Therefore, I would be grateful, before I beg leave to withdraw this amendment, if the Minister could confirm my belief that that is the way the national council will work--through local offices and taking advice only from regional committees.
The noble Lord said: This amendment contains the first reference to community consortia for education and training. These are the local bodies which have featured prominently in the Education and Training Action Group's report in Wales. It pre-dates the Assembly, and of course the proposal is also featured in the Assembly's Post-16 Education and Training Committee deliberations.
The report of that committee, itself welcomed and approved by the full Assembly on 1st February--as we have heard--endorses the concept of local consortia and urges the Assembly Secretary to produce a framework for their establishment. It is common knowledge that around 15 will be established in Wales. They will comprise local providers, including further education colleges, local authority school sixth forms, private training providers, Welsh medium secondary schools, voluntary organisations engaged in post-16 learning and other partners in adult and higher education.
I am somewhat mystified as to why such bodies should be non-statutory when they will be in receipt of public funds and will be charged with specific duties by the council. Clearly they will be important bodies and I believe that at least they deserve a mention somewhere in the Bill. If the amendment is carried, it will not in any way inhibit the National Assembly or the council. The council will specify functions and appoint members and, if the community consortia are to receive public moneys, they will of course be subject to the usual constraints.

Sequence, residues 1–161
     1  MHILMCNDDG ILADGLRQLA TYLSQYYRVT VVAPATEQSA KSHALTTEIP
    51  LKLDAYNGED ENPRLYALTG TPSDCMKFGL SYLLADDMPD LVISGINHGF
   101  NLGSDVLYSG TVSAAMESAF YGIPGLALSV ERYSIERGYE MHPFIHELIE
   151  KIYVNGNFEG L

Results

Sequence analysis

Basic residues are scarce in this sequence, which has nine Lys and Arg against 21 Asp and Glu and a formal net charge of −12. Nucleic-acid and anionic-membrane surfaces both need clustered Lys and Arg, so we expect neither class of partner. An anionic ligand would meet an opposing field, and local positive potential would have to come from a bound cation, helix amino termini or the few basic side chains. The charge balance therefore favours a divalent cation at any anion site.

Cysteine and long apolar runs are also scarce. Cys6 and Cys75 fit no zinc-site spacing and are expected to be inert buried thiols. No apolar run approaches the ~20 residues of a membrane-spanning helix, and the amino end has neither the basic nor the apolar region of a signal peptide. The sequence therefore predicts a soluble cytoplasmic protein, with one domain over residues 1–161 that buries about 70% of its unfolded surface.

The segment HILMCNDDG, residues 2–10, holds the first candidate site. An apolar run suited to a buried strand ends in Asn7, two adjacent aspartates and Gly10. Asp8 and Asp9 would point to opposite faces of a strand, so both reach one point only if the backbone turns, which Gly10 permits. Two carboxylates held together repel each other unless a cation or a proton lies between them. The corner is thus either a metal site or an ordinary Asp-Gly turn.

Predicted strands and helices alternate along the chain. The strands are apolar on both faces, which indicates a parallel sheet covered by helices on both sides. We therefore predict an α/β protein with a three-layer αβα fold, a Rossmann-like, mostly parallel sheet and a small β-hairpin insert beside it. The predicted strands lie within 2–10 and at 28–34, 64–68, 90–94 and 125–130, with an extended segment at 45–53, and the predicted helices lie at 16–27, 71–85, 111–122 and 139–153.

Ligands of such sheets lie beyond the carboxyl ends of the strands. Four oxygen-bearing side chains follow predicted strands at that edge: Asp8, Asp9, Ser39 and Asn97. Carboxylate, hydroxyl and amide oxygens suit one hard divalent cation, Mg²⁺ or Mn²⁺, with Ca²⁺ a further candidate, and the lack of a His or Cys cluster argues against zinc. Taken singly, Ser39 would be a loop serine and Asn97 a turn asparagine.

As I said earlier, perhaps the whole structure of community consortia, regional committees and the national council is something of a facade and the real work will be done under the auspices of the Skills Wales Task Force, another body which does not appear in the Bill. I should be grateful for a little
Baroness Farrington of Ribbleton: As the noble Lord, Lord Roberts, has said, Amendment No. 180 would bring local community consortia for education and training within the scope of the CETW's powers in relation to its committees other than regional committees. However, local consortia will not be part of the CETW. They will be voluntary partnerships of education and training providers, employers and others, which will help plan the delivery of post-16 learning in their areas. The distinct components of the consortia will have equal status and will be funded directly by the CETW.
The CETW will be tasked by the National Assembly with deciding the actual size, boundaries and composition of community consortia, but it is the National Assembly's intention that no single interest will dominate. Community consortia partners, including employers and voluntary sector representatives, will together plan the provision for their local areas.
The task force will advise on the practical measures which can be taken to ease skills shortages, to improve the extent and quality of learning in the workplace and to ensure that providers of education and training are responsive to the skills needs of employers and individuals. I hope that, with these reassurances, the noble Lord, Lord Roberts, will feel able to withdraw his amendment.
Lord Roberts of Conwy: I am grateful to the Minister for her explanation. I am beginning to see rather more clearly how this Bill will work in Wales. We know that the community consortia are already in existence in certain areas, and it is clearly intended that they should multiply. However, as the Minister has explained on more than one occasion, the real responsibility for the implementation of the Bill will rest with the Assembly. I certainly wish it well in that task. I beg leave to withdraw the amendment.